Volume 2 Issue 90| August 28, 2010 |


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Cover Story
From Insight Desk

Qamrul Hasan and the Folk Tradition

Often reproached by the avant garde group of abstract painters for his anchored world of traditional vision, Qamrul Hasan emphasizes the folk element in art where figures are stylized, pigments are loud and brash, and primitive instincts are the motive force of life. The wellsprings of his inspiration are his own people engaged, as he puts it, “in the fascinating task of day-to-day living”.

S N Hashim

It was 20 years ago, late in 1946, that I first saw the paintings of Qamrul Hasan. It was a motley collection, as I recall, of his early works. Being young and impressionable myself I remember breaking into ecstatic praise.

Now, with the distance of two decades and almost a lifetime of his artistic career and reputation, I can still remember patches of finished glory, such as the approaching rains over a wide expanse of rice-fields, the watercolour washes sensitive to the dampness of the impending deluge, tinged with the sadness of separation and longing. No other painter that I know of has been able to capture the subtle half-tones of shifting light and shade of this particular scene with its emotional muted undertones, as Qamrul Hasan has, and to that extent this vignette was the framing of a complete vision.

But the Qamrul Hasan I recall even more vividly is framed in my memory by the macabre events of riots and communal clashes of 1946, a year before the birth of Pakistan those pangs of frenzy which accompanied the approaching finale of the freedom movement in the sub-continent. The city was Calcutta: the time, August 1946, under the over-hang of communal frenzy. The city was splintered into isolated pockets cowering from the nightmare of impending extinction. Gone were the free and easy days of the cosmopolitanism of this second capital of the British Empire. The Muslim mohallas were overnight transformed into make-shift and inadequately-armed camps into which, day and night, poured thousands of badly frightened men, women and children, fleeing for their lives and in mortal dread of the uncertain future.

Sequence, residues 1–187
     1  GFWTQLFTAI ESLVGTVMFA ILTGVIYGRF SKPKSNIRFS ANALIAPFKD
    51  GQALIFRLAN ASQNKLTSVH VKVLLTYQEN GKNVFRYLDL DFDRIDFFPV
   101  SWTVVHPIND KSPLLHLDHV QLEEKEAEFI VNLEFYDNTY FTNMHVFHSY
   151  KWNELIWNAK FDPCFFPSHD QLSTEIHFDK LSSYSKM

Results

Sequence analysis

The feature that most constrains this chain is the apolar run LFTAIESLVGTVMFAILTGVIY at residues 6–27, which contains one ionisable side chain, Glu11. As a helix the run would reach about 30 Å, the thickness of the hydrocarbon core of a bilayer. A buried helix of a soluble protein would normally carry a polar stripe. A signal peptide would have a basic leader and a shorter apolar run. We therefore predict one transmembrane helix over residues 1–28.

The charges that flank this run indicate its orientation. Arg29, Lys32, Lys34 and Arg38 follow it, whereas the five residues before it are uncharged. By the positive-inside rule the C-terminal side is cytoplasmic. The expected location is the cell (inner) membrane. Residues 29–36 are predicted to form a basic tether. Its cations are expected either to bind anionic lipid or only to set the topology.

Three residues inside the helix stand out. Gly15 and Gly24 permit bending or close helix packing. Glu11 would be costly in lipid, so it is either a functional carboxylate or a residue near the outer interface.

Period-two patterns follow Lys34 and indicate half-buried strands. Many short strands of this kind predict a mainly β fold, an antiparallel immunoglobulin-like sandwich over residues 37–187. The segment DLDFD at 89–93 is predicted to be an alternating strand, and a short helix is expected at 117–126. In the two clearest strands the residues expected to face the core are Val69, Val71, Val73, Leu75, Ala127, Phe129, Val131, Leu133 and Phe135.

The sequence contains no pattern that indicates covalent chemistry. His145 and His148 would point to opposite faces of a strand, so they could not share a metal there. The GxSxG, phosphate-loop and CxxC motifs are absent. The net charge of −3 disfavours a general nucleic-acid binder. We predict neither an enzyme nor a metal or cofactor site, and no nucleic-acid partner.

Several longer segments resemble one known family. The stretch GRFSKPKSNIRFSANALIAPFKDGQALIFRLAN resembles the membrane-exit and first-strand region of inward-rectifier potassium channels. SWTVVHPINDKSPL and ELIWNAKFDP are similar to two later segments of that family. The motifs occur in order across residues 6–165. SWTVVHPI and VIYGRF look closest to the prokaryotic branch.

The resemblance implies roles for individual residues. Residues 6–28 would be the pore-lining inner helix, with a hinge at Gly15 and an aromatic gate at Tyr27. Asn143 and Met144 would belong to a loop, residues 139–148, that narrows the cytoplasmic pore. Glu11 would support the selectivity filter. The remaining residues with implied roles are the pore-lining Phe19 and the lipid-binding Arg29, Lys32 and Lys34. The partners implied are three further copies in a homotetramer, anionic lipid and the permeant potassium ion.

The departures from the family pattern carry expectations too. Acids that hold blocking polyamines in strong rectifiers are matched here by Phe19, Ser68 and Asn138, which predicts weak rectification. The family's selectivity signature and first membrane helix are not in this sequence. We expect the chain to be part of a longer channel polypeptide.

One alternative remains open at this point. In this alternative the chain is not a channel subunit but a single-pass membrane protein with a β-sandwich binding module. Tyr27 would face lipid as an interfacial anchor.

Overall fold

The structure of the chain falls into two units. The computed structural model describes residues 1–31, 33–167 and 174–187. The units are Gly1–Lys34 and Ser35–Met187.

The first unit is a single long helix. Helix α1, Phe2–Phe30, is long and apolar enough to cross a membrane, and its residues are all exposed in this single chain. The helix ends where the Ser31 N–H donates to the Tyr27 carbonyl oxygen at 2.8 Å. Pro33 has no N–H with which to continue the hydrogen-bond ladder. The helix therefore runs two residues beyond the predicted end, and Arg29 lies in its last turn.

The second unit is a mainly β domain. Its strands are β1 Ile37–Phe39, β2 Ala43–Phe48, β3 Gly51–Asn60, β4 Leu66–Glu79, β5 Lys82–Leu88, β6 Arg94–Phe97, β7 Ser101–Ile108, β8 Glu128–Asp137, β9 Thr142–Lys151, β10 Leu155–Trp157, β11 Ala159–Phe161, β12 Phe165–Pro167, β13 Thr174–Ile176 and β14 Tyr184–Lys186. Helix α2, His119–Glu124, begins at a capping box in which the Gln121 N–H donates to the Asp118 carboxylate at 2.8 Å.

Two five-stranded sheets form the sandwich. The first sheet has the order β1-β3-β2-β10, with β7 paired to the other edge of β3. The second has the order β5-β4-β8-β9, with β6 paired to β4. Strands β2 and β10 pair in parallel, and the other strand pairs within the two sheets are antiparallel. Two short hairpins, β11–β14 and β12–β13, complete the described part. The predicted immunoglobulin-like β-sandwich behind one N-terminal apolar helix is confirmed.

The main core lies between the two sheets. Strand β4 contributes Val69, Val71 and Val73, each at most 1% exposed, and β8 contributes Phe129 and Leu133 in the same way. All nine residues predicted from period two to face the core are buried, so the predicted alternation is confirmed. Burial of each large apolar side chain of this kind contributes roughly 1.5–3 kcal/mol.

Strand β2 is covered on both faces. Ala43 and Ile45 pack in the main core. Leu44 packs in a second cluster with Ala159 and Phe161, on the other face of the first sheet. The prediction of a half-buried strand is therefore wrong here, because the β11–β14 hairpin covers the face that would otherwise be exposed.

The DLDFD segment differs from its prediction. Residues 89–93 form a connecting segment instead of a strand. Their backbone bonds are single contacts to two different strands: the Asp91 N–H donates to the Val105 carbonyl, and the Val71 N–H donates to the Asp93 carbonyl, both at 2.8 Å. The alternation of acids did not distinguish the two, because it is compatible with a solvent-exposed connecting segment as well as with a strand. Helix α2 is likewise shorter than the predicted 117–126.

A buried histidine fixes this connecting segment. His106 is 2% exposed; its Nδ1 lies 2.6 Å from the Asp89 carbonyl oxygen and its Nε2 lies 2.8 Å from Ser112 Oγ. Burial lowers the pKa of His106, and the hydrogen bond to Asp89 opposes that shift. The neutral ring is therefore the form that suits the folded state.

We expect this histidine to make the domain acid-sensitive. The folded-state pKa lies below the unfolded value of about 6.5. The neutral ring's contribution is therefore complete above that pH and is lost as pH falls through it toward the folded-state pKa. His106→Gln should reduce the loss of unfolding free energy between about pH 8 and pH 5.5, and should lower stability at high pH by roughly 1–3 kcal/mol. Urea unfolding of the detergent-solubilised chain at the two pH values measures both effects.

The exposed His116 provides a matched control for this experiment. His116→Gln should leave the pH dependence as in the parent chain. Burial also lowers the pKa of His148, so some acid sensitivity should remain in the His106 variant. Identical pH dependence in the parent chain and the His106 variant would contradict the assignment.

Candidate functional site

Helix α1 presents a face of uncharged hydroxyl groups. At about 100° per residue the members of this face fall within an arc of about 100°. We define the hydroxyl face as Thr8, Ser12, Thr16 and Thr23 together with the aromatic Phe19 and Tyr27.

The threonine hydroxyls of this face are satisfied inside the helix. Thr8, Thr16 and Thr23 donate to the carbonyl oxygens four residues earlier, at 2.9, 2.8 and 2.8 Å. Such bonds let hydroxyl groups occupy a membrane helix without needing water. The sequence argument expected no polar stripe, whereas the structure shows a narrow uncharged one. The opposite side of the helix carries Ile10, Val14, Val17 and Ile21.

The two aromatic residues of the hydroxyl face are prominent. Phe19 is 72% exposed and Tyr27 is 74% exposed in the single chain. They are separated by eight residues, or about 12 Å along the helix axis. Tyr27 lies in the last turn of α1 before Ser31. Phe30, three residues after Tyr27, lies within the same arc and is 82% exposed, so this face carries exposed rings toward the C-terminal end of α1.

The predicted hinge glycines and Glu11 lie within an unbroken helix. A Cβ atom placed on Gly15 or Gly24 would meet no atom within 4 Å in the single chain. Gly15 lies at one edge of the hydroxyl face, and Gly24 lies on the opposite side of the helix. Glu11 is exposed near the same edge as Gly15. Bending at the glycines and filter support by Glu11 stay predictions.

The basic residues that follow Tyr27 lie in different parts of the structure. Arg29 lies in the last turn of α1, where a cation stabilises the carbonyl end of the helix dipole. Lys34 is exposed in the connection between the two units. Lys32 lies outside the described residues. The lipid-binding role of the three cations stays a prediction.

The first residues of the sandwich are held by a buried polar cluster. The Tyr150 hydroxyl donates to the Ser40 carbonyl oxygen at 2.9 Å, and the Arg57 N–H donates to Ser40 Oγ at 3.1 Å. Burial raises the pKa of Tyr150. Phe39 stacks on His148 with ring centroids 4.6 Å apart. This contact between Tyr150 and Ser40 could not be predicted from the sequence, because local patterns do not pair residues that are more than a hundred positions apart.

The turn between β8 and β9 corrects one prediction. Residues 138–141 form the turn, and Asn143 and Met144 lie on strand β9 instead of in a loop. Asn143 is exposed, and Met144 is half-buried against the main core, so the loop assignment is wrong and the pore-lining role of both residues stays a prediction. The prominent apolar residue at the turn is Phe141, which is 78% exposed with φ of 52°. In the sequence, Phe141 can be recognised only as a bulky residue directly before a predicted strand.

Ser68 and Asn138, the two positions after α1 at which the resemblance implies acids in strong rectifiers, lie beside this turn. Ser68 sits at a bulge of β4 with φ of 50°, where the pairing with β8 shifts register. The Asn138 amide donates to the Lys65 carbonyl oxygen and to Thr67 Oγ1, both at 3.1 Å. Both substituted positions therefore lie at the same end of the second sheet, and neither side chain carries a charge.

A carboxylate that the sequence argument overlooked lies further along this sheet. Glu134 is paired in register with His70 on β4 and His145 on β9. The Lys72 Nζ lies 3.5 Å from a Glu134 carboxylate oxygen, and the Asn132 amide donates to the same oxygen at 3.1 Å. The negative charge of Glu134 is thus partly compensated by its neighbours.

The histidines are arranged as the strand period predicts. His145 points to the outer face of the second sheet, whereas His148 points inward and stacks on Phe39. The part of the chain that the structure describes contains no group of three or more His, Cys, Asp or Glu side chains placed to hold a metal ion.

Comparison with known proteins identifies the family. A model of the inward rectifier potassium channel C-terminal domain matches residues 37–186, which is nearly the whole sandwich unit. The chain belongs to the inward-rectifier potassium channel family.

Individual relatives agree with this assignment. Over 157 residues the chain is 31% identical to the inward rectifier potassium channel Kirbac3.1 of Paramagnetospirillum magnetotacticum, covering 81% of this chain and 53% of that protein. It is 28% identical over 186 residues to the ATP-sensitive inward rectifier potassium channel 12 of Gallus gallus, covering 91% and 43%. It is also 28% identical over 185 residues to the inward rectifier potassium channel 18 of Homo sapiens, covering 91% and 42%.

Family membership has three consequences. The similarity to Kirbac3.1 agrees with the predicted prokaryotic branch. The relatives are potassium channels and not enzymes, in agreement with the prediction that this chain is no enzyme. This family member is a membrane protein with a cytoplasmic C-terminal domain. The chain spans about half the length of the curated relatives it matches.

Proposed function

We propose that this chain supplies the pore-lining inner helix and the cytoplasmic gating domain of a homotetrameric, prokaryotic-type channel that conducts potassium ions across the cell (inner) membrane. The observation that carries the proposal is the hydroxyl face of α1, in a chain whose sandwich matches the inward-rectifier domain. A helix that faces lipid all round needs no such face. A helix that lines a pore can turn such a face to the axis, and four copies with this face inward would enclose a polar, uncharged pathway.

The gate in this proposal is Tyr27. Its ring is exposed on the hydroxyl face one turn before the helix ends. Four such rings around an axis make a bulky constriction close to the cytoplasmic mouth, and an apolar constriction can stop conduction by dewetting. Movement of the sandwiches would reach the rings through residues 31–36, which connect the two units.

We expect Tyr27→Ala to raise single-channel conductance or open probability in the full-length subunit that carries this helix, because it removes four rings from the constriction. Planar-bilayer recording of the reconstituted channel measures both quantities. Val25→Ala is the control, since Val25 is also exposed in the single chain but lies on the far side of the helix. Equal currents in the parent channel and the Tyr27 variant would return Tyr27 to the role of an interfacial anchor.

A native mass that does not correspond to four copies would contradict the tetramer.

It was under the creeping shadow of these events, with the air reeking of violence and terror, that I met Qamrul Hasan for the first time.

Park-Circus was a predominantly Muslim middle-class area, with labour slums backing away from the modern apartments. But under the impact of the crisis, the lines of division had blurred and merged into one wide-awake community, mounting sleepless vigil against incursions of marauding bands, tending the sick and the wounded. A local Women's College had been turned into a first-aid post and hospital, and all able-bodied young men were trying to help out. It was while hurrying away with a bowl of blood-soaked bandages and rags to the dustbin that I saw a young man with a sketchpad and pencil crouching over a badly injured woman, lying with a hundred others in the corridor. He was an intriguing man with an athlete's figure showing through a brown khaddar bush shirt, his prize-fighter's broken nose, and his forehead creased with the tension of furrowed lines. No one could mistake him for a creative artist.